I love baking all kinds of bread, but a basic sourdough loaf is an essential staple at our house. Good with everything from blue cheese to blueberry jam, and quite possibly even better unadorned, we always feel something is missing if there isn’t a loaf resting on the cutting board, ready for a quick snack or a hearty sandwich.
Folding the dough (also called turning, stretch-and-fold, or punch-and-fold) during the first fermentation helps to develop the gluten and increase the strength of the dough. This means that the dough can be worked less during mixing; this is beneficial because excessive mixing can oxidize the dough, which detracts from flavor and crumb color.
I took (actually, my husband T took, while I “windowpaned”) some photos of the stages of gluten development. I hope someone will find these useful. Most of the breads I make call for the gluten to be developed to a medium stage.
Gluten development is tested with the “windowpane test.” Pinch off about two tablespoons of dough and try to stretch it into a thin membrane (windowpane).
If you can do so without tearing, but the membrane is mostly opaque, you have barely developed gluten.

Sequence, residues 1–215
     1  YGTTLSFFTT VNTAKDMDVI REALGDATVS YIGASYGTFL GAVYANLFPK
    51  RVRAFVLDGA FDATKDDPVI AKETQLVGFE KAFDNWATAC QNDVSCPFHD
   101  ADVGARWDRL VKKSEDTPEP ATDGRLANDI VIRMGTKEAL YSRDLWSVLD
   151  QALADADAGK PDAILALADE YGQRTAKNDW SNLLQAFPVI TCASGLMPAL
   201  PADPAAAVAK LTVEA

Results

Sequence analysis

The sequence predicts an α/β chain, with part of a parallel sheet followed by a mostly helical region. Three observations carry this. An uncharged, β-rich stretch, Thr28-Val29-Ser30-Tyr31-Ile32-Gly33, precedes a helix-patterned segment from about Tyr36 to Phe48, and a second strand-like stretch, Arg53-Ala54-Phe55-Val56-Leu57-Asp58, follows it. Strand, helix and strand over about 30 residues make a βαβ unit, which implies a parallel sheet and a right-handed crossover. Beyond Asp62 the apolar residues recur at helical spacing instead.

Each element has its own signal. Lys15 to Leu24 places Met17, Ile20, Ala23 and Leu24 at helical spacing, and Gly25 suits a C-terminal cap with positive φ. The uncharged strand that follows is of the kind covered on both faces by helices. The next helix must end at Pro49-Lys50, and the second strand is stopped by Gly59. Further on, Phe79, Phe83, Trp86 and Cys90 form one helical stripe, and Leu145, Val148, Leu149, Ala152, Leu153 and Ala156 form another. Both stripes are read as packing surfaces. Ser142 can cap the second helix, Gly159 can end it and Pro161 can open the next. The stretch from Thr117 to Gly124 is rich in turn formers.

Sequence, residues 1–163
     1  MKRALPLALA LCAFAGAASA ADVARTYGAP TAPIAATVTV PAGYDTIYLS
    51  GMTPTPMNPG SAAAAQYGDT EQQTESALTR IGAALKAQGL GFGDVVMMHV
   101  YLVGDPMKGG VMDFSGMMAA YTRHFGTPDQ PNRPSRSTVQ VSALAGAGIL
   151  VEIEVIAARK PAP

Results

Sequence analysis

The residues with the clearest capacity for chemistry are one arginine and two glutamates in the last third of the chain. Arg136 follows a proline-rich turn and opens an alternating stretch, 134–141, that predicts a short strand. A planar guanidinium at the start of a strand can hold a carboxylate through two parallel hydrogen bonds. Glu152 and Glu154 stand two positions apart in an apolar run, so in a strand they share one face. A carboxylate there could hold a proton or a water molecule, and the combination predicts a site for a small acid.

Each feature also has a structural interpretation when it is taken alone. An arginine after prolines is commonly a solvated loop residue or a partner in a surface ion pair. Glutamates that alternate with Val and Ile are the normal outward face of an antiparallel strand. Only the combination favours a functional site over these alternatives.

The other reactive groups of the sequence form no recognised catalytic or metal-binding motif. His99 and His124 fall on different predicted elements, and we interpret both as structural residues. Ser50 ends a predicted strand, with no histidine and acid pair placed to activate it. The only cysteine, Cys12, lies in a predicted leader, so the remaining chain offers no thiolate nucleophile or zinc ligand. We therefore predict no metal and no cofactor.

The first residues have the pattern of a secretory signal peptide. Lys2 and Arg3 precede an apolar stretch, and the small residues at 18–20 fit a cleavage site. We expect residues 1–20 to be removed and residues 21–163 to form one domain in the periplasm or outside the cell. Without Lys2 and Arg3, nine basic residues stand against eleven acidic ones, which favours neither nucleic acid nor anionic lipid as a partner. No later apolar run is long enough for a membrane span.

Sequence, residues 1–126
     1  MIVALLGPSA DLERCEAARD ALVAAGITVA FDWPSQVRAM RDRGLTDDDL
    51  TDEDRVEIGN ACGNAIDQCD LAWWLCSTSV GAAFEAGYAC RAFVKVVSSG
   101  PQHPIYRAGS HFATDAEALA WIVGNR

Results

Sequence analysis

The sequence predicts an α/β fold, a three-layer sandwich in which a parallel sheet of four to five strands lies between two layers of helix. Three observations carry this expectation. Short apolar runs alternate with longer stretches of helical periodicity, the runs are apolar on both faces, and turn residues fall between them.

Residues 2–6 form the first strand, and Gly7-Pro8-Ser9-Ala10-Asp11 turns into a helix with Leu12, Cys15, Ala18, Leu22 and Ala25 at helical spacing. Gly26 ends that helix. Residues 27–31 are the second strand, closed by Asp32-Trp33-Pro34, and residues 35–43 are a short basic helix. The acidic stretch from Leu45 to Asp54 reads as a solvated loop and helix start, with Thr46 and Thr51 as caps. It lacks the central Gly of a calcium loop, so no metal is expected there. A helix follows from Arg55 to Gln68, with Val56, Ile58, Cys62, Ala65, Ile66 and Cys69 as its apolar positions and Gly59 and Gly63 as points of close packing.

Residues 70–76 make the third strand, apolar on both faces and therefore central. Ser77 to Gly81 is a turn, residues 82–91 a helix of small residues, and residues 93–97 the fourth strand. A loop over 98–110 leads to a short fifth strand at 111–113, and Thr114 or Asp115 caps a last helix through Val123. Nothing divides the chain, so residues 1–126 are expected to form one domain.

If you can stretch a paper-thin, very translucent windowpane, the gluten is fully developed.
A medium level is in between these two extremes: the windowpane is translucent with some opaque areas.
The progression from minimally to fully developed gluten:
What a bunch of terrific breads! Zorra of kochtopf hosted breadbakingday #01, themed “bread with herbs.” It was a great success, with 33 baker/bloggers from 13 countries showcasing creations using more than a dozen different herbs – perfect for summer baking. I can’t wait to start trying some of these breads. Thanks to Zorra for hosting this!
I know what you’re thinking: Can she really have written this much about water, the most boring of bread ingredients? This girl really needs to find something to do.
But wait: water’s function is much more interesting than simply that of the matchmaker that brings flour, yeast, and salt together. The quality of my bread really improved once I learned how to adjust the amount and temperature of the water to control some characteristics of the dough.
Steam is important during the initial phase of baking most hearth breads. It facilitates oven-spring by preventing the crust from setting too rapidly, and enhances crust color. Breads baked without steam can taste fine, but the crust is likely to be a dull, pale grayish color rather than the rich brown most of us are after. Ready for a photo quiz? Hint: the top thing is not a peanut on steroids.
I have spent way more time than I should have scouring books and online articles and discussion groups looking for the perfect way to introduce steam to my baking loaves. I’ve spent hours and hours, and more than a little money, trying just about everything. But in the end, it’s come down to two methods that work for me.